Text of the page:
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Jack Ranger

Tapping the Wall Street Wire

(18 November 1946)

From Labor Action, Vol. 10 No. 46, 18 November 1946, p. 2.
Transcribed & marked up by Einde O’ Callaghan for the Encyclopaedia of Trotskyism On-Line (ETOL).

With price controls fast fading, this column may shortly discontinue its weekly report of price boosts granted by the Office of Price Administration. Anyway, here is the record for the week: Mattresses, ceilings increased 9 per cent; refrigerators, increases granted; radio tubes, up 14 per cent; increases on low-cost rayon and cotton dresses; imported leathers, up 10–16 per cent; Colorado coal, up 10 cents a ton; linseed oil, up 1.7 cents a pound; children’s knit sleeping garments, up 30 per cent; asphalt and tarred roofing, up 13 cents a hundredweight; lath, up SI a thousand; enameled cast-iron plumbing fixtures, up 11.5 per cent. Prices of canned pineapple and juice rose 10 per cent. Among the items decontrolled were edible and inedible oils, ice, fats, most consumer durable goods such as radios, lamps, small electric appliances, cosmetics, rubber drug supplies, paper supplies, and hardwood logs. With price control removed from all shoes, hides, skins and leather, OPA predicted a 30 per cent increase in shoe prices.

“Dismal Reading”

The mad dance of the profiteers continues. But a disturbing note intrudes itself in the picture. “Recent unpublicized marketing surveys on ‘consumer resistance’ make dismal reading,” reports the Wall Street Journal. They show that many a line of products is in danger of being priced out of a substantial part of its market.”... As an indication – prices of raw fur have been off 10–30 per cent in recent weeks, raising a danger signal for other luxury goods. The silver fox cape that Mr. Feverish was going to buy his girl friend will have to wait. Mr. Feverish’s stocks and his holdings in cotton have taken a rude jolt in recent weeks ... The masses don’t buy expensive furs. They buy things like meat – but not at today’s prices. Right across the continent comes story after story relating how housewifely resistance to high prices is forcing the meat trust to pare its prices.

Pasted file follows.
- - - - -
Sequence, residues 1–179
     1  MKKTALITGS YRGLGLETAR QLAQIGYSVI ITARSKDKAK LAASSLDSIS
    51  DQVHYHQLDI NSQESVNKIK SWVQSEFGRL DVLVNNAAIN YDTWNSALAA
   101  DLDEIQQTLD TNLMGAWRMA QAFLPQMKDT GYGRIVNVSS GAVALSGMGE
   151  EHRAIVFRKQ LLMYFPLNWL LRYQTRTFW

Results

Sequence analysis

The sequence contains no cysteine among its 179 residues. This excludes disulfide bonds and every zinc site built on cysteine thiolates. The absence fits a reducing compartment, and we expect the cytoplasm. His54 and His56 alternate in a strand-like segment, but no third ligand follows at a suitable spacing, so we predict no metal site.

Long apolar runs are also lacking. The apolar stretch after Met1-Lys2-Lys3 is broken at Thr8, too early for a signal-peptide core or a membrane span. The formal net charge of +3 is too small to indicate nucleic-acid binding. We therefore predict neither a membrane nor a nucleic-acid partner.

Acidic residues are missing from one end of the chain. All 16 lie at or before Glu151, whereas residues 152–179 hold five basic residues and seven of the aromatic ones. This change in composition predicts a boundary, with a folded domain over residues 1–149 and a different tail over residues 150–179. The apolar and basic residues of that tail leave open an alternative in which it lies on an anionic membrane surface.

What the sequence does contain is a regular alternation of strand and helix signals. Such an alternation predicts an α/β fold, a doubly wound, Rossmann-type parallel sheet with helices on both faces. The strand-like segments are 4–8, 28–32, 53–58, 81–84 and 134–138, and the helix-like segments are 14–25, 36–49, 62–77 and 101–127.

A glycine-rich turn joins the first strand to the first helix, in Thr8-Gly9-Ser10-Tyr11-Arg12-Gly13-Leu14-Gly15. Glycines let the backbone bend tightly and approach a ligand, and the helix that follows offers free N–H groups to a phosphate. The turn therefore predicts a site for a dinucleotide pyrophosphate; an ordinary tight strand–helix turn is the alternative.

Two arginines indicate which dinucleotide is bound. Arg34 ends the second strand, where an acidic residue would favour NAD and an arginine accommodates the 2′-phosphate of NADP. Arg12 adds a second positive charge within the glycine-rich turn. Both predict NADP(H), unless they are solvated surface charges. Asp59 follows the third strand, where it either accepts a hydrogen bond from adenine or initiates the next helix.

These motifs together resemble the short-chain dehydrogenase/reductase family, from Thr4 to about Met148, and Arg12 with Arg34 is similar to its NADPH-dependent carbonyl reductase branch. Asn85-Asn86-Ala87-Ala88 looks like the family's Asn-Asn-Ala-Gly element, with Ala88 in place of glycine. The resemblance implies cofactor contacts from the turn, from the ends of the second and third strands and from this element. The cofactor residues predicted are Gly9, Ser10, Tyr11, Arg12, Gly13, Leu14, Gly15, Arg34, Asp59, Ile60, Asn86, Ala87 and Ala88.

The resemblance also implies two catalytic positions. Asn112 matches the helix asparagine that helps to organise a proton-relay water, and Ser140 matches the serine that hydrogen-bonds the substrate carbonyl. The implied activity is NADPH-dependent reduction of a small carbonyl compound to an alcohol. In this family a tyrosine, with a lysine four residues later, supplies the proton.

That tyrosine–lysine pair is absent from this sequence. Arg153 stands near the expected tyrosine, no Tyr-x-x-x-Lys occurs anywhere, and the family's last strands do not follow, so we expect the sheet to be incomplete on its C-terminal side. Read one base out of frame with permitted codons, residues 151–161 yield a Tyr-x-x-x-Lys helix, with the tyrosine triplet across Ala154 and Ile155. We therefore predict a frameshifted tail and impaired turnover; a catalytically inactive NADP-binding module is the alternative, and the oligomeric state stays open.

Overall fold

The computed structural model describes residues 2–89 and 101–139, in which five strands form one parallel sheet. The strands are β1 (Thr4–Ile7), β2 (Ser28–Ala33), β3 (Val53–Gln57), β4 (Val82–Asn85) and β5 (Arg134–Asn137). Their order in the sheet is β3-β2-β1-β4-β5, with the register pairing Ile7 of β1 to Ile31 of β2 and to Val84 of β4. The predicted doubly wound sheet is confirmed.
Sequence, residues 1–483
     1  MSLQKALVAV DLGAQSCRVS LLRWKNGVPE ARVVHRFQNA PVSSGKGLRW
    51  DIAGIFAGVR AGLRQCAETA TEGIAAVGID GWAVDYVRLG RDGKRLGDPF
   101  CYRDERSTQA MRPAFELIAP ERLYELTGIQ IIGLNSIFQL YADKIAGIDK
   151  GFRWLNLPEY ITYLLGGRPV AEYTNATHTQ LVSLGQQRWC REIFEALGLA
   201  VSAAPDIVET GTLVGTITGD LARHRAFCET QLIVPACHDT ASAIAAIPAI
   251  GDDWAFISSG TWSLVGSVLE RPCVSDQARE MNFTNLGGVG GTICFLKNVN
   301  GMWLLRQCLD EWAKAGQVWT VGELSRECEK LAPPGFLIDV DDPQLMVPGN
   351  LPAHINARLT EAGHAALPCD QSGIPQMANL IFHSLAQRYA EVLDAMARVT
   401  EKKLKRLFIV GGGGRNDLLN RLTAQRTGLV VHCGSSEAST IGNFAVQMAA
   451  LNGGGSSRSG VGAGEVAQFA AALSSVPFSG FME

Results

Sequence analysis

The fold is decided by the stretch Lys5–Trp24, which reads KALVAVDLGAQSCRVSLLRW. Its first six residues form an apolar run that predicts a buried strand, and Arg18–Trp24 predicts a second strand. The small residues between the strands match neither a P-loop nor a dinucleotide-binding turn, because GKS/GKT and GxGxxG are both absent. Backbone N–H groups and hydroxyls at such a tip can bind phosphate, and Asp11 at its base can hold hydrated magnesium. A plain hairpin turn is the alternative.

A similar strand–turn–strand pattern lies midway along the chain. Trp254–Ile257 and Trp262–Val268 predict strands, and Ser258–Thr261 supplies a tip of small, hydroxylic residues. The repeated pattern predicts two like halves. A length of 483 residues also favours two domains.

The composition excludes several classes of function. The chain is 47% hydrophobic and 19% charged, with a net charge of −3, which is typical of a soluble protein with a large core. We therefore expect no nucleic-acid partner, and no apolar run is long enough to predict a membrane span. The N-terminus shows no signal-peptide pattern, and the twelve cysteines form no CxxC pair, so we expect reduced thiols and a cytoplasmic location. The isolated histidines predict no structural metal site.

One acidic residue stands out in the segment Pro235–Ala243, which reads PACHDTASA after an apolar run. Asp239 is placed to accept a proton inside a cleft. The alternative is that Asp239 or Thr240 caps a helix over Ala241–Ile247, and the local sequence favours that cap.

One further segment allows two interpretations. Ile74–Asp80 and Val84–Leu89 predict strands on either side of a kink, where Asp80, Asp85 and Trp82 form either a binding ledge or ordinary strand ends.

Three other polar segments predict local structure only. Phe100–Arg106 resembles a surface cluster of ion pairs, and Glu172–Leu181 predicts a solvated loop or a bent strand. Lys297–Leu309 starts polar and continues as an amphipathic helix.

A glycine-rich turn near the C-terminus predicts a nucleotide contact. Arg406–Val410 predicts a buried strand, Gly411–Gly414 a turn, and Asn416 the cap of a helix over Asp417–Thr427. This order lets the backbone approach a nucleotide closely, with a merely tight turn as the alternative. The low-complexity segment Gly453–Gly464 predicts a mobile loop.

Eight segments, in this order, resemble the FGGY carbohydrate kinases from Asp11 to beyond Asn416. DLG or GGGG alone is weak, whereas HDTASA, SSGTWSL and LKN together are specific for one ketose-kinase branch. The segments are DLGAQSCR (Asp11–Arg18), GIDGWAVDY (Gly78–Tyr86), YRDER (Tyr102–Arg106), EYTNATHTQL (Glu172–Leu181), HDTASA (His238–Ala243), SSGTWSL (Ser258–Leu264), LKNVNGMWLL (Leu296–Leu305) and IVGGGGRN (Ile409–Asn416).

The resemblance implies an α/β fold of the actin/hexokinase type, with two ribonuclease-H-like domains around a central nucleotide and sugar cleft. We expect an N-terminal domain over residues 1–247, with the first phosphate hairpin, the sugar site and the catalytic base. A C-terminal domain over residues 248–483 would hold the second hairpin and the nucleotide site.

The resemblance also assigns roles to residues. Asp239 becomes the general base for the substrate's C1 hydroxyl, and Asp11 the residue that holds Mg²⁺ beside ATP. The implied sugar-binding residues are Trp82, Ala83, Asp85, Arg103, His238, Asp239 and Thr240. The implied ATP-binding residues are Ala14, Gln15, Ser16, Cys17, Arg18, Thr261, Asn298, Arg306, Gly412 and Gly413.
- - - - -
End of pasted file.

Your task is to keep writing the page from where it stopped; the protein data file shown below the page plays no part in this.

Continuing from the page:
A Look at Profits

It takes a colossal gall and conceit for Big Business to oppose wage increases these days. For profits have never been so high in most industries. U.S. Steel, for instance, had a third quarter net profit of $33 millions, compared with a net of only $11 millions for the corresponding period in 1945. Shipments of steel products were the highest since June 1929 ... Let’s take one of the great department stores of the world, Marshall Field & Co., of Chicago. It reports a net income in the third quarter of $3,046,989, or $1.49 a share, against $1,033,819, or 45 cents a share, a year earlier. Profit in the nine months ended September 30 was over $10 million, compared with $3½ million last year ... Or take a woolen company, Botany Worsted Mills. Earnings for the first nine months totaled $2,302,788, compared with $817,891 for the entire year of 1945. Dividends this year should equal $13 on 100,000 shares of B stock, compared with a dividend of $8.43 on only 50,000 shares in 1945 ... Here’s another company that availed itself of tax credits from the ever-generous government. General Electric Co. took itself a credit of $4.8 million in the first nine months for federal taxes on income, and is back in the black, despite that nine-weeks’ strike in the first quarter. The government, in short, underwrote the company resistance to union demands.